Owner of Aussie Zoo Risked His Life to Save Animals as Raging Fire Drew Close to Enclosures | 22 Words

Australia is in the midst of one of the worst bushfire crises the world has seen. Since September, entire communities have been engulfed by relentless heat and fires.

The flames are showing no signs of slowing down - which means only one thing... death tolls are rising.

But, this week, one man has been hailed a hero after risking his life to save animals at his zoo. Keep scrolling to see the terrifying picture as the zoo came close to perishing...

 

Australia is being ravished by one of the worst bush fire crises the world has seen in decades.

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Due to soaring temperatures and one of the worst droughts in years, the relentless fires have been burning since September. We're currently in January. Just let that sink in.

New South Wales is suffering immensely at the moment.

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There have been fires reported in every state, but New South Wales is truly taking a beating by bush fires and is undoubtedly the hardest hit. More than 2,200 houses have been destroyed.

NSW declared a state of emergency last month.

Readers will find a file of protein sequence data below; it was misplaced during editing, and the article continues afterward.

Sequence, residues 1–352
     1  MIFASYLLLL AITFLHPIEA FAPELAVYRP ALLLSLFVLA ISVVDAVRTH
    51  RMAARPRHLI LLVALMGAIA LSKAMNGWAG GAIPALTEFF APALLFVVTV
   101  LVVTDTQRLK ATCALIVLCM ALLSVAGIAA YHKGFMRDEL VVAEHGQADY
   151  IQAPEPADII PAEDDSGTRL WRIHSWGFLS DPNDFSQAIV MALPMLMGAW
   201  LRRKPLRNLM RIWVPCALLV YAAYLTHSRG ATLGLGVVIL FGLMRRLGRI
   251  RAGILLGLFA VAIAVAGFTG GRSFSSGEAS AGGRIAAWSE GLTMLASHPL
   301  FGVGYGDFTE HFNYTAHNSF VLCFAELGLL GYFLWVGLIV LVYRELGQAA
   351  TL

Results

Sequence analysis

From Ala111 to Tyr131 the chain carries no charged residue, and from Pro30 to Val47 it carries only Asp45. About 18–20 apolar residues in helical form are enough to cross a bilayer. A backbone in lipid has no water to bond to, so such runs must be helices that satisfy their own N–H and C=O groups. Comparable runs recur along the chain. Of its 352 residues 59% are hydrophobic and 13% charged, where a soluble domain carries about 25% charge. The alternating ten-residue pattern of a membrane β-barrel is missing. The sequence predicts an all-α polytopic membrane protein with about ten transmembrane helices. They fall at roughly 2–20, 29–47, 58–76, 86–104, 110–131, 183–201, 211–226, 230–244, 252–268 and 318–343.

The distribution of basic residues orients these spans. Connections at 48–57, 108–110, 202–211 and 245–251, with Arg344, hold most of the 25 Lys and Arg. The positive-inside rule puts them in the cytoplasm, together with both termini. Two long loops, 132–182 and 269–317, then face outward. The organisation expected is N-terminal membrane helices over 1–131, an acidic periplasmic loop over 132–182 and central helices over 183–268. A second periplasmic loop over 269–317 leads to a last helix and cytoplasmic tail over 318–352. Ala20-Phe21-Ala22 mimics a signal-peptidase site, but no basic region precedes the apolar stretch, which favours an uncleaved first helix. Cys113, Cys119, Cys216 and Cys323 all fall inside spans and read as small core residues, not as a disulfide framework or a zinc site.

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What does this mean? Well, it grants "extraordinary powers" to the NSWRFS commissioner, including the authority to allocate government resources and direct government agencies in taking action, according to CNN.

Twenty-eight people have been confirmed to have died in the fires since they started...

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Including several volunteer firefighters.

And it's not just the flames themselves that are having deadly consequences...

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Last month, the smoke was so bad in Sydney that air quality measured eleven times the "hazardous" level, CNN reports.

The fires have also had a devasting impact on wildlife.

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Several of Australia's native species have been affected including kangaroos, koalas, wallabies, possums, wombats, and echidnas.

And the latest statistics are some of the most alarming yet.

The country is totally unprepared for the devastation caused to its wildlife. Science for Wildlife executive director Dr Kellie Leigh told the New South Wales upper house inquiry: "We're getting a lot of lessons out of this and it's just showing how unprepared we are.
"There's no procedures or protocols in place - even wildlife carers don't have protocols for when they can go in after fire."

And that's not all...

It's feared that animals that managed to survive the flames will need huge amounts of humanitarian assistance to get populations anywhere near back to what they used to be.

A staggering number of animals have perished in the fires.

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And its only set to get worse.

Over one billion animals have died.

CBS News reports that it's thought now over one billion mammals, birds, and reptiles have died since September.